1920 – Aftermath of World War One
The earliest records within the TfL Corporate Archives collection relating to disability and accessibility date to the aftermath of the First World War, in particular the employment of returning ex-servicemen under the Kings National Roll Scheme (KNRS). Known as the ‘Honourable Obligation’ the KNRS was introduced as a voluntary system where employers were asked to pledge to employ disabled ex-servicemen as 5% of their workforce.
The scheme was certified, and enrolled employers like the London Passenger Transport Board (LPTB, a TfL predecessor), could use and publish the seal of honour.
1933 to 1945 – Rehabilitation and Training
The LPTB had discussed ideas of providing ‘light’ work to employees injured at work as part of a process of rehabilitation since. A report of 1942 states:
‘it is well known that when a person sustains injury involving long periods of incapacity he tends to lose a good deal of interest in life. It is therefore desirable to remove such men from their idleness.‘
Lists of ‘suitable’ jobs had been identified throughout the business but in November 1939, the first adapted work environment was set up within the workshop in Chiswick to accommodate 20 men working at benches.
In this same period National Government schemes for training and resettlement were being established at Horsham and Egham with an emphasis on wellbeing, ‘sub-heath’, relaxation, socialising and collaborative training.
1937-1959 – Indemnities for Permission to Travel
Following a parliamentary question, main line and Underground railways were asked to reconsider their practice of requiring blind people and ‘invalids in chairs’ wishing to travel independently to sign an indemnity, which was a legal agreement asking the party to accept financial liability resulting from any accident.
The main line companies responded by stopping the practice in 1937 but the LPTB considered the risks greater for travelling on the Underground and they remained in use.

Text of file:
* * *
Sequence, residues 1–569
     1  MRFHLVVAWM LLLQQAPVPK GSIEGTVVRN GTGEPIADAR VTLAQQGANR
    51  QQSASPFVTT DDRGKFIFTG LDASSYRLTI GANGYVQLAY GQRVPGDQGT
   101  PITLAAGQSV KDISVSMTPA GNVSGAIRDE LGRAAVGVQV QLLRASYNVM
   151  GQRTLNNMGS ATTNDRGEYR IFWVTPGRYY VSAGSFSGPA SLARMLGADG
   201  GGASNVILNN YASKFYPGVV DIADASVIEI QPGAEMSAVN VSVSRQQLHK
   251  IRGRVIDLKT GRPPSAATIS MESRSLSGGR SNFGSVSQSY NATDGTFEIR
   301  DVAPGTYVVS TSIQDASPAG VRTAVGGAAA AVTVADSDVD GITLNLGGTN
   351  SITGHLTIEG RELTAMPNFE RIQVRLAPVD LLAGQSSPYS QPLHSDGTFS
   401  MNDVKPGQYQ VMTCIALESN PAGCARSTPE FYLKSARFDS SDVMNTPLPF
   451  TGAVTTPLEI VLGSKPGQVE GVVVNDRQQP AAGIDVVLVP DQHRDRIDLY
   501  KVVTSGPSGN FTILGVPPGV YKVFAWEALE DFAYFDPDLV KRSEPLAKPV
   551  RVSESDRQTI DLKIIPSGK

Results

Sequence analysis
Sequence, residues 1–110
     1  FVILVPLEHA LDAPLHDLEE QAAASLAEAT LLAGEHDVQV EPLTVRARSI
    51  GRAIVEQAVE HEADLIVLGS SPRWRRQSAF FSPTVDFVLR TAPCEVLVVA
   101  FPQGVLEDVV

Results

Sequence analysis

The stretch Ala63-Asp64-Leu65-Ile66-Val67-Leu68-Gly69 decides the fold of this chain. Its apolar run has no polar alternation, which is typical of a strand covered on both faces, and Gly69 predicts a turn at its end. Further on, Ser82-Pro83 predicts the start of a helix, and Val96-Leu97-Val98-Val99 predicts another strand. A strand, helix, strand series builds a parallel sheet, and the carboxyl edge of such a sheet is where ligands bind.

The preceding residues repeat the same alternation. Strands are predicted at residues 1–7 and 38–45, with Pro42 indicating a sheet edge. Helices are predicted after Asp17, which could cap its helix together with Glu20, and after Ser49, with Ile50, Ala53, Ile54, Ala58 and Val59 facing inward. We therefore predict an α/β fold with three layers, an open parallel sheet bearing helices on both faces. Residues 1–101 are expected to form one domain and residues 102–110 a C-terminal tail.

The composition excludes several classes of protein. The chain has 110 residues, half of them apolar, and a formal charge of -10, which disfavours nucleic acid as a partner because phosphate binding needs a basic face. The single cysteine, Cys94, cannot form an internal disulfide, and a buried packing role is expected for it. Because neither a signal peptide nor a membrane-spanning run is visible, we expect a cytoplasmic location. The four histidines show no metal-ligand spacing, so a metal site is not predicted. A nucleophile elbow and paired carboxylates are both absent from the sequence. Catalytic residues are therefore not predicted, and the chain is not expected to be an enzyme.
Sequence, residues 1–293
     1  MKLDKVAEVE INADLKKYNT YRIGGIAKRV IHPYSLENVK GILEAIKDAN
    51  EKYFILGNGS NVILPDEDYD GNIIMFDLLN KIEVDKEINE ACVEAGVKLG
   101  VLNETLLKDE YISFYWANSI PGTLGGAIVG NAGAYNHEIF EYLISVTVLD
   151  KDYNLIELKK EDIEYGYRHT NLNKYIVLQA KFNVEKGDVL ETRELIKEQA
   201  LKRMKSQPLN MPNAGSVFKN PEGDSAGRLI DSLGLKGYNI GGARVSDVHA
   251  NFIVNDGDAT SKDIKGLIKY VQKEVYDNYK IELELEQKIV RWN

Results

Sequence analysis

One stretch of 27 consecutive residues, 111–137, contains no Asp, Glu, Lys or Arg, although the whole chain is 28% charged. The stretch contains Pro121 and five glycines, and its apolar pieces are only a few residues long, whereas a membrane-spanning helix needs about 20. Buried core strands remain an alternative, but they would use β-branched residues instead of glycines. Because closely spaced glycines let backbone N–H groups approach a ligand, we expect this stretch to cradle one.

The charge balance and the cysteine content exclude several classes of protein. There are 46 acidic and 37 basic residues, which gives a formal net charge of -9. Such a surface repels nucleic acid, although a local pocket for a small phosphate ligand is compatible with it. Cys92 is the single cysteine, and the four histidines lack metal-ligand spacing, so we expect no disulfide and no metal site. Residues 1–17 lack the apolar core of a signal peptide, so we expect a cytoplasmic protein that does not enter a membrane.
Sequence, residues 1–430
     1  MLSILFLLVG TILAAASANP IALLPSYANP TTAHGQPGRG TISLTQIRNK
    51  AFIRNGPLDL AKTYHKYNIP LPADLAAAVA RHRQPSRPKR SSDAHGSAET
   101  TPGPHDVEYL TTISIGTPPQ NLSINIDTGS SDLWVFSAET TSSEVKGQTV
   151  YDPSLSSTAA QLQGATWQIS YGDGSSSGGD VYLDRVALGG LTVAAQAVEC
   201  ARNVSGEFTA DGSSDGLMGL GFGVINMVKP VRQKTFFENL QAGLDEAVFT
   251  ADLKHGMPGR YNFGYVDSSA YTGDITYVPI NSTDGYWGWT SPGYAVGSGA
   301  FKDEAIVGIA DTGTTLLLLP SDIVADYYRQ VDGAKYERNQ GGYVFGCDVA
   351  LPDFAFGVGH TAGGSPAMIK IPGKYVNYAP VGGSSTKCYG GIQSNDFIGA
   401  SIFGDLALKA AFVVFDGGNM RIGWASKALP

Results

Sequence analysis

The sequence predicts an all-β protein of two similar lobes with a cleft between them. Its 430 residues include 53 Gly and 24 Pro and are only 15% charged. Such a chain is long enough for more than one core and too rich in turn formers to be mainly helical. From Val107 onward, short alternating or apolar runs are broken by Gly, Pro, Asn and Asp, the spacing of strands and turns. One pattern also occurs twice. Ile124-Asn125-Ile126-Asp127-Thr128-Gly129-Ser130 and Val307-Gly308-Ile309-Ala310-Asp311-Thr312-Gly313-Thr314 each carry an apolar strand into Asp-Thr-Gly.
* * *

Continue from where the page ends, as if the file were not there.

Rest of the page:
The first permit we can find within the permanent collection that specifically authorises unconditional travel dates from June 1959.
The Disabled Persons (Employment) Act of 1944
The 1944 Act was the first piece of legislation to provide a definition for the term ‘disabled person.’
The Act set out a requirement for a register of disabled persons and a quota for companies employing more than 20 people to employ disabled persons as a ‘standard percentage’ of their workforce, initially set at 2% and later extended to 3%.
It also enshrined the rights of the individual to choose whether they registered as disabled.
1973 – Learning to use the network
This article published in our staff magazine in 1973 outlines how blind children from the Linden Lodge in South London had to learn to navigate the transport system. They were supported by tools provided by the school, including a braille tube map and transport guides.
The article includes a passage on a familiarisation session on the local bus service when it moved to ‘One Man Operation’, meaning there was no longer a conductor on board as well as the driver.
1981 – International Year of Disabled Persons
The United Nationals proclaimed that 1981 would be the International Year of Disabled Persons.
London Transport marked the year with a publicity campaign and a series of 4 seminars engaging with disability groups to identify barriers and evaluate possible design solutions for bus and train accessibility.
The initial product of these seminars was the updating of a accessible guide to the network.
1984 – The Unit for Disabled Passengers
The Unit for Disabled Passengers was set up in 1984 to coordinate initiatives aimed at making London Transport more accessible.
Tactile diagram of The Central London Underground (Zone 1), produced for London Transport by the Royal National Institute for the Blind. Whilst well-received, it proved too expensive to update and reproduce.
August 1991 – Making stations more accessible
Launch of the first handbook of London Underground’s requirements for making stations more accessible, a precursor to the current Station Planning Standard.
1 October 1993 – Wheelchairs get Tube Go Ahead
London Underground’s conditions of carriage changed on 1 October 1993 permitting wheelchair access to ‘deep level’ tubes for the first time.
1994 – The introduction of ‘kneeling’ buses
The 1980s are full of adaptations to buses which incrementally improve accessibility: including lowering steps, widening doors, increasing the number of handrails, priority seating signage and route indicators.
In 1993 the first ‘kneeling’ buses are trialled on the network for release in January 1994.
2005 – Establishment of the Staff Network Group for Disability
The Staff Network Group for Disability was formed with the aim of providing an independent forum for disabled colleagues and to help encourage everyone in TfL to consider the needs of colleagues living with one or more disabilities.
About these records
Story compiled from information in records at the Transport for London Corporate Archives.
The Corporate Archives seeks to preserve and make accessible records, not to interpret them. A wider range of material is available for physical consultation.